How Making Homemade Jam Brought Their Family Together

Sharing a traditional family recipe was a sweet way to forge bonds with her new extended family.

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- Posted on Apr 27, 2020

An angel with jam ingredients.

Ever since my son Mark’s wedding, I wondered where I fit into his new life. His bride, Aarika, and I were fond of each other, but we were family now. I wanted to bring something special into her life, something only I could bring. I just couldn’t imagine what. Aarika was an only child, with loving parents she adored. What could I possibly have to offer this young woman who’d grown up with so many opportunities?

As a mother of six, my greatest talent was juggling: I juggled carpools, laundry, homework, school events. I always just managed to stay on top of the calendar and within our budget. I mended the kids’ clothes, baked our own bread and made jam out of any fruit in season. I was proud of my homemaking skills and our scrappy do-it-yourself family. But I couldn’t see how any of that might benefit two young newlyweds with only themselves to worry about.

“You know she appreciates you,” my husband, John, said as we drove to see them, our car packed with peaches, pectin, jars and a steam canner.

“Being appreciated isn’t the same as being needed.” I wasn’t sure John really understood what I wanted, but I knew God did. I prayed to him to show me what to do.

Now Aarika had asked me to teach her how to make jam. I knew she could have googled instructions herself, watched a video on YouTube or taken a local class. But she wanted me to teach her in person. Maybe it was a start.

Mark and Aarika’s kitchen was a little small, so we decided we’d all meet at her mother’s to make the jam.

“Lesson one,” I announced while we carried in five boxes of peaches.

“Never pass up fresh produce.” I laid out the jars and ingredients. “Everybody, apron up!” I called. To my delight, Aarika had brought along an apron that I had made for her myself.

Step-by-step, I demonstrated what to do. We divided up the peaches for peeling. “Do you make all kinds of jam?” her mother, Maggie, asked.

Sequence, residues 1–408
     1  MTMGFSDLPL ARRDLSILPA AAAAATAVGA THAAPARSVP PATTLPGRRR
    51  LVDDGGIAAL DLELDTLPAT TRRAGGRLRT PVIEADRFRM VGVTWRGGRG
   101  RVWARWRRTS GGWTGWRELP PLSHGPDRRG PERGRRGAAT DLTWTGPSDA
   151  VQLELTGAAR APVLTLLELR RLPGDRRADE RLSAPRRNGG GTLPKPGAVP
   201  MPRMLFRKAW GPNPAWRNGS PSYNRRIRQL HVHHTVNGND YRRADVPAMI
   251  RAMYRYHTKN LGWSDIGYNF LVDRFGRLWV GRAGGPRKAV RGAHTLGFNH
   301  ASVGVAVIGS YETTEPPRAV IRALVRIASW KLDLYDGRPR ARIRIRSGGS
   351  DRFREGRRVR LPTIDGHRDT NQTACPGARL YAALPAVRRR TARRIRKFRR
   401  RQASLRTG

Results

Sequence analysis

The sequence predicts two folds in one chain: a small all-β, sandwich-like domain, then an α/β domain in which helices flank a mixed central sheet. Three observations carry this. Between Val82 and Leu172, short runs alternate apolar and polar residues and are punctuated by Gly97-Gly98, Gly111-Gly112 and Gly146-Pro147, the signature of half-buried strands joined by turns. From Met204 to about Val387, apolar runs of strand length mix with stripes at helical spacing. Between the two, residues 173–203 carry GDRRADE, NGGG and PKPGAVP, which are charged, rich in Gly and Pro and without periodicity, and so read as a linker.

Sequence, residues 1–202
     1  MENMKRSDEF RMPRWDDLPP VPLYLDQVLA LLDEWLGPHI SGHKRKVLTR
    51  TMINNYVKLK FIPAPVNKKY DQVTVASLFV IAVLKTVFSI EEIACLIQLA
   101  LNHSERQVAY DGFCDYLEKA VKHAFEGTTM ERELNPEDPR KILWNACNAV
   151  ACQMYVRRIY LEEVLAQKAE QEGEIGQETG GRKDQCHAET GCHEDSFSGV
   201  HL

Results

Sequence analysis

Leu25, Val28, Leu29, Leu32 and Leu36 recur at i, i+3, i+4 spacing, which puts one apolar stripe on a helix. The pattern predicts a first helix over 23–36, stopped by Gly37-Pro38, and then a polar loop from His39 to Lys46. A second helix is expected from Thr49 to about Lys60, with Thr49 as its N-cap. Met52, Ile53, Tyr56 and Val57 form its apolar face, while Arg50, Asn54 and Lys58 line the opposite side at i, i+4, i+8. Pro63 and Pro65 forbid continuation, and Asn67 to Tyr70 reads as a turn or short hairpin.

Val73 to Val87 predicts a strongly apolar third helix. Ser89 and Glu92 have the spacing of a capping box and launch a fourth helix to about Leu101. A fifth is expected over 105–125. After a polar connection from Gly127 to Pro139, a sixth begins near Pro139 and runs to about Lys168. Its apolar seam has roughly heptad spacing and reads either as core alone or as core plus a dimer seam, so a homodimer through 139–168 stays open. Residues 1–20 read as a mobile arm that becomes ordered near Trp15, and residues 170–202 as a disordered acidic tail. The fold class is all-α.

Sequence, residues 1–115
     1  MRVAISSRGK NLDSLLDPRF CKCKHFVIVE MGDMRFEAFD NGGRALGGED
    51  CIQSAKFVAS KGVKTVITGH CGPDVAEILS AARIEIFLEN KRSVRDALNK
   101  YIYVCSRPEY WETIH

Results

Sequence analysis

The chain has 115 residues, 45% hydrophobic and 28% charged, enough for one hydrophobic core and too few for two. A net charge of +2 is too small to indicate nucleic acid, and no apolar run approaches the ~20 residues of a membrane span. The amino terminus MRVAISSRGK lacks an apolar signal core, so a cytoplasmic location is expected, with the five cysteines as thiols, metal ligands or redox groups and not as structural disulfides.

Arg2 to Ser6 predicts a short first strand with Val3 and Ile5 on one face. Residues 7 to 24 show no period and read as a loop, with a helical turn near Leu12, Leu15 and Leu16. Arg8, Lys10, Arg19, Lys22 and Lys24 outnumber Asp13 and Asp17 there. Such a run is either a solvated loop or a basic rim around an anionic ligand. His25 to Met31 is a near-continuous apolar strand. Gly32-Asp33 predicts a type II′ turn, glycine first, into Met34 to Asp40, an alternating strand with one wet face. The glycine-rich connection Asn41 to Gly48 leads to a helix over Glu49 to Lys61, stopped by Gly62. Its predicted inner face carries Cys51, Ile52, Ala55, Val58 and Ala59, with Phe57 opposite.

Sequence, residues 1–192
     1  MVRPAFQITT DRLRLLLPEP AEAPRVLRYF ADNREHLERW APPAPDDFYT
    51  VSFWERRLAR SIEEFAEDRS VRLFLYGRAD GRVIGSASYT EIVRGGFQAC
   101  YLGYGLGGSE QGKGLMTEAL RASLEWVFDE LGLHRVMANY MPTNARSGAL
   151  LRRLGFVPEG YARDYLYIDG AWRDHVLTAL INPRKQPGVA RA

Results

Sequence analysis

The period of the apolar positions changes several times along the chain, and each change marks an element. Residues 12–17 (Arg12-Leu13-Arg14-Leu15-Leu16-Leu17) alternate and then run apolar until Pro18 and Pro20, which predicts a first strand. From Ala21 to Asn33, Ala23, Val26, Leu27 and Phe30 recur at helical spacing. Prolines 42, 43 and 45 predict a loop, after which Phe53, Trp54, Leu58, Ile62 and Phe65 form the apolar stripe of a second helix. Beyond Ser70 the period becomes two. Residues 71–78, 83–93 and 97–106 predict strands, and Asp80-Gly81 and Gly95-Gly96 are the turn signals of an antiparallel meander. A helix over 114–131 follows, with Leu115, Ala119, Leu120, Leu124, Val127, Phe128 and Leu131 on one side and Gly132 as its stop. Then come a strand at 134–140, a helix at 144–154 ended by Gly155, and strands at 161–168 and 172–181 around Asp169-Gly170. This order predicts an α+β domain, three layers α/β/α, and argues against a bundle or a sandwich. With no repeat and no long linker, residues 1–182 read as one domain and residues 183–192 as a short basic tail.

“Oh, yes,” I said. “Blackberry jam from the wild vines, strawberry jam from the U-Pick strawberry field and plum jam from the trees in my parents’ yard. And these peach seconds are from my friend’s farm.” Five boxes of fresh fruit too bruised, misshapen or ripe for her to sell, but perfect for jam.

The doorbell rang. It was Aarika’s nana. “I want to learn too!” she said, tying on an apron and grabbing a peach to peel.

Apparently Mark had told everybody that our homemade jam was a favorite childhood memory. “Mark didn’t just eat the jam, though,” Aarika said. “He helped Marci make it.”

“The kids always helped pick the fruit,” I said. “I remember one day in the blackberry patch when Mark was little, I went over to see how he was doing. He looked up at me, his mouth stained purple, juice dripping down his chin. ‘I only found two,’ he said seriously. To prove it, he held up a bucket with a single pair of berries rolling around at the bottom.”

Three generations of laughter filled the kitchen.

We boiled the peaches and poured the mixture into jars. Then we placed the jars into the steamer, where they stayed for 20 minutes. When that was done, we used pot holders to carefully remove the hot jars and place them on waiting tea towels to cool. “In a little while you’ll hear a ping,” I said.

“That means the jam has cooled enough to vacuum seal the jar.”

“Marci makes homemade bread too,” Aarika said. “You’ve never tasted anything better. And they always had homemade sauces and vegetables from their garden.”

I nearly blushed from all the compliments. “It really saves money,” I said.

“I can’t wait to learn how to do all that,” Aarika said.

Ping!

“Jam’s ready!” everyone shouted at once.

We assembled a peach cobbler with the leftover fruit and put it in the oven. It would be ready in time for dinner. The four of us cleaned up together. Then we lined up the cooled jam jars on the counter, one by one. Sharing stories, passing on knowledge—we were preserving more than jam here.

I looked over at my daughter-in-law, who was so eager to learn the traditions that Mark loved. Her mother and nana didn’t want to be left out of the fun. Maybe I wasn’t the only one searching for a comfortable place in our new extended family. God had found the sweetest way to show me that our place was being all together. It was a recipe anyone could follow.

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